The tau protein is an attractive target for therapy and diagnosis. We started a tau immunotherapy program about 13 years ago and have since demonstrated that active and passive immunotherapies diminish tau pathology and improve function, including cognition, in different mouse models. These findings have been confirmed and extended by several groups. We routinely detect neuronal, and to a lesser extent microglial, antibody uptake correlating with tau pathology. Antibodies bind tau aggregates in the endosomal/lysosomal system, enhancing clearance presumably by promoting their disassembly. Extracellular clearance has recently been shown by others, using antibodies that apparently are not internalized. As most pathological tau is neuronal, intracellular targeting may be more efficacious. However, extracellular tau may be more accessible to antibodies, with tau-antibody complexes a target for microglial phagocytosis. The extent of involvement of each pathway may depend on numerous factors including antibody properties, degree of pathology, and experimental model. On the imaging front, multiple tau ligands derived from β-sheet dyes have been developed by several groups, some with promising results in clinical PET tests. Postmortem analysis should clarify their tau specificity, as in theory and based on histological staining, those are likely to have some affinity for various amyloids. We are developing antibody-derived tau probes that should be more specific, and have in mouse models shown in vivo detection and binding to pathological tau after peripheral injection. These are exciting times for research on tau therapies and diagnostic agents that hopefully can be applied to humans in the near future.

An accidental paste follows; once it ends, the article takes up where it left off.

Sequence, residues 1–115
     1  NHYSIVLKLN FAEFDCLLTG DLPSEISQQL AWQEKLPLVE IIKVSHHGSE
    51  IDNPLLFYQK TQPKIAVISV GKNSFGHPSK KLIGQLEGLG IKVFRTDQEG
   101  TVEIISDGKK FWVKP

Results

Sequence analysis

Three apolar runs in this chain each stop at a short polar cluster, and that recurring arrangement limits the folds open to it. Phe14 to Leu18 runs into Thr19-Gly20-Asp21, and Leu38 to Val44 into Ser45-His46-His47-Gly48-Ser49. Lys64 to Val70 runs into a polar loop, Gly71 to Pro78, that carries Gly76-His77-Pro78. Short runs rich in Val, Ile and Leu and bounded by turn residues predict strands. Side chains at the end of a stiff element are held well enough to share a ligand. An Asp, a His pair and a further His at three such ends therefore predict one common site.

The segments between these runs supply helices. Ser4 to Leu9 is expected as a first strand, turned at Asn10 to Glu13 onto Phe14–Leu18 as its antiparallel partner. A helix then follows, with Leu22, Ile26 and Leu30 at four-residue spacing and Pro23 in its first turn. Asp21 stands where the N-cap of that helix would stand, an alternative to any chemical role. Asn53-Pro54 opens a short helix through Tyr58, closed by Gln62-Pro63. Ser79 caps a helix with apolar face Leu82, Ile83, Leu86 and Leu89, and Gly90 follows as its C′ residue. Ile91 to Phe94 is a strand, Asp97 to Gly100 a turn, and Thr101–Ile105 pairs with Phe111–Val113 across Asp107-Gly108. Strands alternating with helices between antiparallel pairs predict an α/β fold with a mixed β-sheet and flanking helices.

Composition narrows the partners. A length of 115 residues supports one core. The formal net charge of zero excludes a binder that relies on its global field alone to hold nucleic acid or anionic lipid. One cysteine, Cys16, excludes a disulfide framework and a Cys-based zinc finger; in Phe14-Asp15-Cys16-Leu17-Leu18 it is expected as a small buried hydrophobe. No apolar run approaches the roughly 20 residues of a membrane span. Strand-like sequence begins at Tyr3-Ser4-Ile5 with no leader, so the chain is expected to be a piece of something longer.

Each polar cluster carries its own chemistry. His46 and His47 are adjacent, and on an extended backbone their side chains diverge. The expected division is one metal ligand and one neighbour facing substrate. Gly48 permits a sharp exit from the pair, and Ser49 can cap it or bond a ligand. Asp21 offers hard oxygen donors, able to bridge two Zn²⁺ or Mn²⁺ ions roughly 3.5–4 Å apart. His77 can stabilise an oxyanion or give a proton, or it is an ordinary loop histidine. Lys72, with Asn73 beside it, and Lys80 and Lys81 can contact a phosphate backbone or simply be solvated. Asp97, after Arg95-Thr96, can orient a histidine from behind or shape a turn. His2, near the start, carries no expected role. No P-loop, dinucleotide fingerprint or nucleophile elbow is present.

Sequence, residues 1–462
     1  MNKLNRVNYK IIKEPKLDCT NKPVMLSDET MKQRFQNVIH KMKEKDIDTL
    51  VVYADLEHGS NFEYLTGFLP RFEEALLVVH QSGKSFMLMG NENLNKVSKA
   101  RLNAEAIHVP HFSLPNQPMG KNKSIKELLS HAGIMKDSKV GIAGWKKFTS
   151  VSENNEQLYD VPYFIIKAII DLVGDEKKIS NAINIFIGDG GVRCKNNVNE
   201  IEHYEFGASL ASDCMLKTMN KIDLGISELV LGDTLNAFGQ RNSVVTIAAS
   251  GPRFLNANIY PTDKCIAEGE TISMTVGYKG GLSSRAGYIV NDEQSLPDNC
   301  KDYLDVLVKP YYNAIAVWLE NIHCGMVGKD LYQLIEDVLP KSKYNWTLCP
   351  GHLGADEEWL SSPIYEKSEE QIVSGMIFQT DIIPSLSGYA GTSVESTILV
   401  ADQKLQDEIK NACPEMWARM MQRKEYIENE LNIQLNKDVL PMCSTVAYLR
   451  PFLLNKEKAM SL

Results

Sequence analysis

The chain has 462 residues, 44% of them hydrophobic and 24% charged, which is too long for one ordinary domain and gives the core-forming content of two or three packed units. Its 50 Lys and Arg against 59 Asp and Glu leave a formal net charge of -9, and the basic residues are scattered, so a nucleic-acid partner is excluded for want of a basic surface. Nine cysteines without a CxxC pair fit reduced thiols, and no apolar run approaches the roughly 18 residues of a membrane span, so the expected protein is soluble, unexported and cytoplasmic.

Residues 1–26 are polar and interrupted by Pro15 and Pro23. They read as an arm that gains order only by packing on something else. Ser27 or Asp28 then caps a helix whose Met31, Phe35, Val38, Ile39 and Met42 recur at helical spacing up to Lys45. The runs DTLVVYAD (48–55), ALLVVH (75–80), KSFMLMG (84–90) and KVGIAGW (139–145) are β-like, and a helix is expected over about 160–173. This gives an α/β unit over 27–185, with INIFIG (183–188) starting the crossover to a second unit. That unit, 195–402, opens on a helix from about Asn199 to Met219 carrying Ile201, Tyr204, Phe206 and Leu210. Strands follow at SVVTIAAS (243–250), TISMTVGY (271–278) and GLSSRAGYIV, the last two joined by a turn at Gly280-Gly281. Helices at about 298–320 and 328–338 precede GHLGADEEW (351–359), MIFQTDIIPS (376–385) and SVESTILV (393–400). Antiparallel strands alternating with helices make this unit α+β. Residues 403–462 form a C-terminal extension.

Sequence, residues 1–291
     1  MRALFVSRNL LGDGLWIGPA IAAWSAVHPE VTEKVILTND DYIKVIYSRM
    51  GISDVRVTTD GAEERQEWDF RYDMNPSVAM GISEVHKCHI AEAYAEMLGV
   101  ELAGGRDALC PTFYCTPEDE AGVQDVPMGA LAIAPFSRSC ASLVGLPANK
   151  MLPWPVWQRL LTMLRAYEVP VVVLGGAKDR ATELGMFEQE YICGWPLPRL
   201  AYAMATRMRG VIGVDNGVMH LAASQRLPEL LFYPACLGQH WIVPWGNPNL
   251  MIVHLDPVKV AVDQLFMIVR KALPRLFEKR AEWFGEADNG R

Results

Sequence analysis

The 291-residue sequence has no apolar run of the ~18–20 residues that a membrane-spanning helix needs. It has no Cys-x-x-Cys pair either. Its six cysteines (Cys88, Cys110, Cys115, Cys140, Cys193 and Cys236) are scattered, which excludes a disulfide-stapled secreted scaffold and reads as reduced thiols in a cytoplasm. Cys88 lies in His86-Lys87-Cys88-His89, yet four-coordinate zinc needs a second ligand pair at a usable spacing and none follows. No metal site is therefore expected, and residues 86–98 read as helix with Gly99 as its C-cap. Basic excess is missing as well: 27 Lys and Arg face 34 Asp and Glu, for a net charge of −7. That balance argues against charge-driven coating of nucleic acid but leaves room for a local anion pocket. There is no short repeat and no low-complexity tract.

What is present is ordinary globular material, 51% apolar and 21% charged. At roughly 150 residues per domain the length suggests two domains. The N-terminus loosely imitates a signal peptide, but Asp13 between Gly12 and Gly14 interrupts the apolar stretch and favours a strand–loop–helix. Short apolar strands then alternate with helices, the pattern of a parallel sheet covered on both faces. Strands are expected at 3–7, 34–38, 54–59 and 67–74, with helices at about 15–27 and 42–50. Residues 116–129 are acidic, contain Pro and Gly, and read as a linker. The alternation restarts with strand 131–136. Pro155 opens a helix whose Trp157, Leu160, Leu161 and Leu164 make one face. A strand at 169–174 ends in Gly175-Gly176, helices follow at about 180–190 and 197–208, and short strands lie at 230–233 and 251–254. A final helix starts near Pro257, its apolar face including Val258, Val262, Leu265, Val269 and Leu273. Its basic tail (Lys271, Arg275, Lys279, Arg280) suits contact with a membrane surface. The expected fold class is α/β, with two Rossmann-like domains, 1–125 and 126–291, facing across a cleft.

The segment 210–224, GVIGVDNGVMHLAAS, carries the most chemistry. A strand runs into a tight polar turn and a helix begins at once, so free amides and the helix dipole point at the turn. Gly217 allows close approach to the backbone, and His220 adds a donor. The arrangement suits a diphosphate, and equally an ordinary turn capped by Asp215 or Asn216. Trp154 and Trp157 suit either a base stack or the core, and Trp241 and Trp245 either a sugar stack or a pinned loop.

Keywords: Antibodies; imaging; immunotherapy; tau.